- Liquify Tool For Mac Shortcut
- Liquify Tool For Mac Windows 10
- Liquify Tool For Mac Os
- Liquify Tool Photoshop Mac
- Liquify Tool For Mac Windows 10
Photoshop has a tool for nearly everything you can imagine. Need to remove a streetlamp? There’s a tool for that! Want to separate a person from the background? There’s a tool for that! You can even modify people’s entire bodies using the Photoshop Liquify tool. While the Liquify tool may seem intimidating at first, it’s actually quite easy to use once you get the hang of it.
The Liquify tool is controversial because of the way it instantly transforms people’s bodies. You can use it to make people thinner or more muscular, give them larger eyes, etc. If used incorrectly, the edits will be extremely obvious. The goal is to make slight adjustments so the end result is believable. But body adjustments aren’t the only thing the Liquify tool is good for. Photoshop Liquify can be used to push and pull pixels in any way you desire.
- On the Tools Palette, there is a section for the Liquify Tools. Click and hold the mouse button on the Liquify Tools and select the Warp Tool from the drop down list. Step 2 The Warp Tool is the tool that a lot of photo-editors use to adjust the body-curves of models so they look better than in reality.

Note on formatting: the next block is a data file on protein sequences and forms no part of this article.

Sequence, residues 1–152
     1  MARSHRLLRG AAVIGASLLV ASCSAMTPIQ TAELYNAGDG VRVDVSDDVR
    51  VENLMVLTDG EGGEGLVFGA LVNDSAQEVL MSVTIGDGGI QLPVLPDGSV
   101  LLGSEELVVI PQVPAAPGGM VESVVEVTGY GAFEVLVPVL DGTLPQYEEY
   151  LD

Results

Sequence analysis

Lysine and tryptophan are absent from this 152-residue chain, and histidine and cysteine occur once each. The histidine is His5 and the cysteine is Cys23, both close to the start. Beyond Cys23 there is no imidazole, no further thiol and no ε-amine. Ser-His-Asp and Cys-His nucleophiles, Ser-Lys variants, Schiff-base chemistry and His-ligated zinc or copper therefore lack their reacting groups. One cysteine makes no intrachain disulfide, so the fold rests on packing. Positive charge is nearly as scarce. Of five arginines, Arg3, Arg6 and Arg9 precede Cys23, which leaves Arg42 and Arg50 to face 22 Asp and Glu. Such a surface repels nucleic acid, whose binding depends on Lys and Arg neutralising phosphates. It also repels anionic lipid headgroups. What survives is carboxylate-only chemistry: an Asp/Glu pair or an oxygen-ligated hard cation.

- In either Expert or Quick mode, choose Filter→Distort→Liquify. Your image appears in the preview.
Are you ready to learn how to use the Liquify tool in Photoshop? Let’s get started!
Keys for the Liquify filter. You'll find additional shortcuts in menu commands and tool tips. Twirl Clockwise tool.
First things first – choose your image. The first edits you make using the Liquify tool likely won’t be magazine material, but that’s okay! The trick is to play around with the tool and understand all of its functions. The more you practice, the more professional your edits will become.
Once you’ve opened your image in Photoshop, the next step is to make a copy of it as a new layer. You can easily do this using keyboard shortcuts. On a Mac, make a new layer using ⌘+Option+Shift+N. Then use ⌘+Option+Shift+E to duplicate your image into that new layer. If you’re using a PC, use Ctrl+Alt instead of ⌘+Option. Make sure you have this new layer selected before opening the Liquify tool.
Now it’s time to move into the Liquify tool. At the top of your screen, click on the Filter drop-down menu, then choose Liquify. You can also open the Photoshop Liquify tool by using Shift+⌘+X.
Understanding the Photoshop Liquify tool